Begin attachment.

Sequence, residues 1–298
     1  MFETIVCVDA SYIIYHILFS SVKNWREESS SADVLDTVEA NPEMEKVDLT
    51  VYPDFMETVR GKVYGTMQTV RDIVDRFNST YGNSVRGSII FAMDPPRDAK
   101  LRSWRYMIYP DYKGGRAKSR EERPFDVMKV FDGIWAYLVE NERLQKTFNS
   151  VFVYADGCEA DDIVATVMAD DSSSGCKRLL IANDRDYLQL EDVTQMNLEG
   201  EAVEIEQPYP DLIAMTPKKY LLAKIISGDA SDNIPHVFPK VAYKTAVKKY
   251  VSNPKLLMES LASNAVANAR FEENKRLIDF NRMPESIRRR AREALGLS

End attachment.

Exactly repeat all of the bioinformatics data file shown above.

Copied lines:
Sequence, residues 1–298
     1  MFETIVCVDA SYIIYHILFS SVKNWREESS SADVLDTVEA NPEMEKVDLT
    51  VYPDFMETVR GKVYGTMQTV RDIVDRFNST YGNSVRGSII FAMDPPRDAK
   101  LRSWRYMIYP DYKGGRAKSR EERPFDVMKV FDGIWAYLVE NERLQKTFNS
   151  VFVYADGCEA DDIVATVMAD DSSSGCKRLL IANDRDYLQL EDVTQMNLEG
   201  EAVEIEQPYP DLIAMTPKKY LLAKIISGDA SDNIPHVFPK VAYKTAVKKY
   251  VSNPKLLMES LASNAVANAR FEENKRLIDF NRMPESIRRR AREALGLS